State Final Notebook: 'Hoosak' Faced Tall Order in Rudolph
WORCESTER, Mass. -- The legion of red-clad Hoosac Valley High School basketball fans who made the trip east to see their girls basketball team play in the state finals on Saturday hopefully went home more proud than disappointed.
And hopefully they took just a little time to appreciate the talent on display at the DCU Center.
It is rare for a school the size of Hoosac or St. Mary's of Lynn to have three recruited basketball players in the same class on the same floor at the same time.
Local hoops fans will get a couple more chances to see one of St. Mary's super trio in person when Jennie Mucciarone visits Williams College's Chandler Gymnasium with a Tufts Jumbos program that Saturday night advanced to the NCCA Division III Final Four.
Her classmate, Sharrell Sanders, is going to New Jersey to play on scholarship at Division II Caldwell College, where the Cougars have gone to the last two Central Atlantic Collegiate Conference title games.
But the player fans will most remember likely is Brianna Rudolph, who showed exactly why she is the Division I talent she is, scoring 26 points with 12 rebounds in St. Mary's 74-36 win over the 'Canes.
"She's a really tough player," Hoosac senior Meg Rodowicz said of Rudolph. "She can do pretty much anything. She can drive, she can pull up, take the shot. She has range from everywhere. She's a really great player and really hard to guard."
"She’s an unbelievable player," Hoosac coach Ron Wojcik said. "She’s going Division I, and she’s that type of ball player.
"I think she would've scored on anybody we put out there."
Rudolph will take a step up in competition next year at UMass-Lowell, which plays in a solid mid-major conference, the America East. But she might have a legitimate chance to earn playing time right out of the gate. Playing its first year in Division I with a roster dominated by freshmen, the coach Sarah Behn's squad struggled to a 5-23 record.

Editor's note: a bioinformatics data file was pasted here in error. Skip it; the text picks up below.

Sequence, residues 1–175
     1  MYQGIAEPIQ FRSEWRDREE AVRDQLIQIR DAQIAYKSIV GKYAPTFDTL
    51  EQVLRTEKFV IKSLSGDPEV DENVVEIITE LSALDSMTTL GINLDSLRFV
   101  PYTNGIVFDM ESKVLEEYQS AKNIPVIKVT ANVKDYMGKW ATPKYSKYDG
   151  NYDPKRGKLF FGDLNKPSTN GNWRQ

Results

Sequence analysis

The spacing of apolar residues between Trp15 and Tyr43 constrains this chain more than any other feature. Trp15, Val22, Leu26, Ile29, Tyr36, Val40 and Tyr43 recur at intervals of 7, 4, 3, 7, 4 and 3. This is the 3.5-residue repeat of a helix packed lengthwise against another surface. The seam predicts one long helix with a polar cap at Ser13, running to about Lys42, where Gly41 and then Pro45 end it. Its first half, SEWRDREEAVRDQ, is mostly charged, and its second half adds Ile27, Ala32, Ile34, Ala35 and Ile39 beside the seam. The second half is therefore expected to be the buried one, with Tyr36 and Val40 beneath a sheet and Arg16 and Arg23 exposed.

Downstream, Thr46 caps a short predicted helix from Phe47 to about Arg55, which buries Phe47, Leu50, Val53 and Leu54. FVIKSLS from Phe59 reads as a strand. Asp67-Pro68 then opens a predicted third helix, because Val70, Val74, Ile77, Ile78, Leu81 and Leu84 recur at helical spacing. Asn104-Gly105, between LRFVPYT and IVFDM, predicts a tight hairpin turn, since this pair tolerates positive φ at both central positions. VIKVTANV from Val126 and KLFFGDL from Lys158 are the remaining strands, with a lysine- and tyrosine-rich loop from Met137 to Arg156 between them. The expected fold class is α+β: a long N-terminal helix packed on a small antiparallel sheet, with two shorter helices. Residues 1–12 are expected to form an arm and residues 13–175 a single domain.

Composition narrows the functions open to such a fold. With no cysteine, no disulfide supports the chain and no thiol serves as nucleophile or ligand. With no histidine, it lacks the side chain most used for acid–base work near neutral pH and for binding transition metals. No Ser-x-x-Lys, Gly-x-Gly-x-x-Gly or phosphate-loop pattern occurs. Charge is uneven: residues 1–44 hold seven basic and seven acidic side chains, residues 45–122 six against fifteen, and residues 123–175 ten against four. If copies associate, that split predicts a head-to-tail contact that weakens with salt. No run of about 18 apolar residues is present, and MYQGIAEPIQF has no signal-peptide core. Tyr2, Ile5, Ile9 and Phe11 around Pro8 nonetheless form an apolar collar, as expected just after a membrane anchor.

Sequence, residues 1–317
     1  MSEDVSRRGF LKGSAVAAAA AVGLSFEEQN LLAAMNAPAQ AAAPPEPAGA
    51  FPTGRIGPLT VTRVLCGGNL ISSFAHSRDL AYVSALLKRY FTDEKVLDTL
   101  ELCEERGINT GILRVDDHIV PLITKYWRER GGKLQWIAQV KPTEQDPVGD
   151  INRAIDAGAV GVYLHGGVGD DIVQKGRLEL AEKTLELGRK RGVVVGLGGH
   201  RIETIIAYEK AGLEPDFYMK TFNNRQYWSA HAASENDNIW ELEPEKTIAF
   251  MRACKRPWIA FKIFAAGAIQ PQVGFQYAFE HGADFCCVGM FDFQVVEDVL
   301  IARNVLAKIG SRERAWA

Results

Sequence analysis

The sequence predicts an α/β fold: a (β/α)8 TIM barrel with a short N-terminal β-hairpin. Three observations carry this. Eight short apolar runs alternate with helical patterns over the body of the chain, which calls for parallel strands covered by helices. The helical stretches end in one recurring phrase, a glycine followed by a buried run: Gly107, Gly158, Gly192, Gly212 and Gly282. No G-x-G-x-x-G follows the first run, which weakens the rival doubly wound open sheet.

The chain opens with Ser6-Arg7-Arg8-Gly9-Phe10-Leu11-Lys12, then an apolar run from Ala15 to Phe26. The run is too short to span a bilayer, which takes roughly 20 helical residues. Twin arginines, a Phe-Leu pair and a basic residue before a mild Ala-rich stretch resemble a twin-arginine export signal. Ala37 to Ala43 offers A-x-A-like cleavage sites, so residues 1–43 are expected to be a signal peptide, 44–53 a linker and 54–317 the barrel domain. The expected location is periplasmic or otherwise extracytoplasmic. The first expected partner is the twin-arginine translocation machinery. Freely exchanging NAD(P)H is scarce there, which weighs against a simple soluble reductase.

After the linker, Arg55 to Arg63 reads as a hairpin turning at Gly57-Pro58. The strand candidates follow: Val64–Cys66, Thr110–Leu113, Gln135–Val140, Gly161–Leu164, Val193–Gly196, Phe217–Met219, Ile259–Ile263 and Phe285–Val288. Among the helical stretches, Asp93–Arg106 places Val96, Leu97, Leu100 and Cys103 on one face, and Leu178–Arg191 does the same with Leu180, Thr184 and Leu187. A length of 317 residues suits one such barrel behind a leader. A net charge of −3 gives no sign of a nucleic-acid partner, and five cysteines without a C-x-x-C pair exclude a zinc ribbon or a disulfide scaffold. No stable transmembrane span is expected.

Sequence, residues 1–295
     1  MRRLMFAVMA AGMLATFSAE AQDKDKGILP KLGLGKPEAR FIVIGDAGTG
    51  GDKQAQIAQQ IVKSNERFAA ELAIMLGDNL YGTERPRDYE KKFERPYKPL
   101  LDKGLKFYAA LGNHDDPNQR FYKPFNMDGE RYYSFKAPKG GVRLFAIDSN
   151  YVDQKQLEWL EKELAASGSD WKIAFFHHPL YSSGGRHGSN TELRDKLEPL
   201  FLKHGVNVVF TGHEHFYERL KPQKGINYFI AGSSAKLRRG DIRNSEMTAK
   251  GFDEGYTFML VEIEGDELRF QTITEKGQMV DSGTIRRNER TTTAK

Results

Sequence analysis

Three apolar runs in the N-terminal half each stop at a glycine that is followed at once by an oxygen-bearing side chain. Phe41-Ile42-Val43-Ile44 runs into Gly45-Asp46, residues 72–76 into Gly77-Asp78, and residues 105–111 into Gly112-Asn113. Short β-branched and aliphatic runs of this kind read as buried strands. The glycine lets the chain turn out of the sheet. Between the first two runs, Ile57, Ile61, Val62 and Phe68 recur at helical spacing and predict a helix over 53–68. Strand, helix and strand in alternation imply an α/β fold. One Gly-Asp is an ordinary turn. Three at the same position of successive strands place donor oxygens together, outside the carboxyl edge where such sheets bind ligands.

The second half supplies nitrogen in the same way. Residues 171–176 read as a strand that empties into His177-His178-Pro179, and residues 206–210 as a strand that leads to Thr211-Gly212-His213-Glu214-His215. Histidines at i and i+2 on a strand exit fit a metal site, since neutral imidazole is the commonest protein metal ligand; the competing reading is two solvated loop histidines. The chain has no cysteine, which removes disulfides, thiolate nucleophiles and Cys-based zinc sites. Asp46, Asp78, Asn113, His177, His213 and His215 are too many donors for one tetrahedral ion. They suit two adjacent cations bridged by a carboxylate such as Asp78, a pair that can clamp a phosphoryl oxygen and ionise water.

DROUGHT DOOMS 'CANES: When Fallon Field drove the lane for a lay-in and the first points of the second quarter to cut the Spartans' lead to 19-14, it was the high water mark of the game for Hoosac Valley.
The Hurricanes not only never got that close again, they did not get another field goal until McKenzie Robinson set up Madi Ryan with about two minutes left in the third quarter to make it 56-23.
The rest of Hoosac's points during that span came at the line, where the 'Canes outscored St. Mary's 12-6 on the day.
BLESSING IN DISGUISE: About the only thing that went wrong for St. Mary's in the first half on Saturday was early foul trouble.
Hoosac was in the bonus by the end of the first quarter, and two St. Mary's starters, including Mucciarone, went to the locker room with three fouls apiece.
But even that turned out to be a good thing for the Spartans.
"I thought it actually worked out in our favor," St. Mary's coach Jeff Newall said. "We found out when we were in foul trouble: A. I thought Sophia Holmes came out and gave us a great second quarter. She hadn't played the last two games. And [Temitayo] Falayi, who's a freshman, came in and gave us some good minutes.
"And then, B, to avoid getting in further foul trouble, we backed off and played half-court man. And what we found in the half-court man was we weren't giving as many opportunities charging to the hoop because we were slowing them down. And we were working with a lead, and now they had to run the clock.
"As bad as the foul trouble could have been, it worked out to our advantage because we had to back up."
WHO'S THAT: Maybe Hoosac Valley didn't lose to St. Mary's on Saturday in Worcester.
According to the big scoreboard that hangs above center court at the DCU Center, the Spartans were playing a school called "Hoosak Valley."
Now, in fairness to the graphics people, no one really knows how to spell the name of the river.
In a 140-square mile area covering two states, there are three secondary schools named for that body of water (four if you count the Hoosac School in, get this, Hoosick, N.Y.), and those schools feature three different spellings of the river's name.
In addition to Hoosac Valley (we think), there are two other public schools: Hoosic Valley in Schaghticoke, N.Y., and Hoosick Falls in Hoosick Falls, N.Y.
Lest we forget, the town of Adams was originally called East Hoosuck, as the town's seal points out.
A Google search for "Hoosak" on Sunday morning yielded no hits ... but give it time.
And the Hurricanes should not feel too bad about having their school's name wrong on the scoreboard. One of the best players in the state was listed in the program, announced throughout the game and identified in a Boston Globe online photo caption this week as "Nichole Rudolph."